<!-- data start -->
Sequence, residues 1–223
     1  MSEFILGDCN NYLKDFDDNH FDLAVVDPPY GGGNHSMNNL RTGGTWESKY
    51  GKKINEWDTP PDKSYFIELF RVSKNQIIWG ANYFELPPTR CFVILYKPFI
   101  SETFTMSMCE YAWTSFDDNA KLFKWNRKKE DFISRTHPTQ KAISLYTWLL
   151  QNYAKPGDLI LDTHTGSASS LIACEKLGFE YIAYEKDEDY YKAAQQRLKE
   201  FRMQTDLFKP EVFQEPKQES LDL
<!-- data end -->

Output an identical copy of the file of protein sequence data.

Sequence, residues 1–223
     1  MSEFILGDCN NYLKDFDDNH FDLAVVDPPY GGGNHSMNNL RTGGTWESKY
    51  GKKINEWDTP PDKSYFIELF RVSKNQIIWG ANYFELPPTR CFVILYKPFI
   101  SETFTMSMCE YAWTSFDDNA KLFKWNRKKE DFISRTHPTQ KAISLYTWLL
   151  QNYAKPGDLI LDTHTGSASS LIACEKLGFE YIAYEKDEDY YKAAQQRLKE
   201  FRMQTDLFKP EVFQEPKQES LDL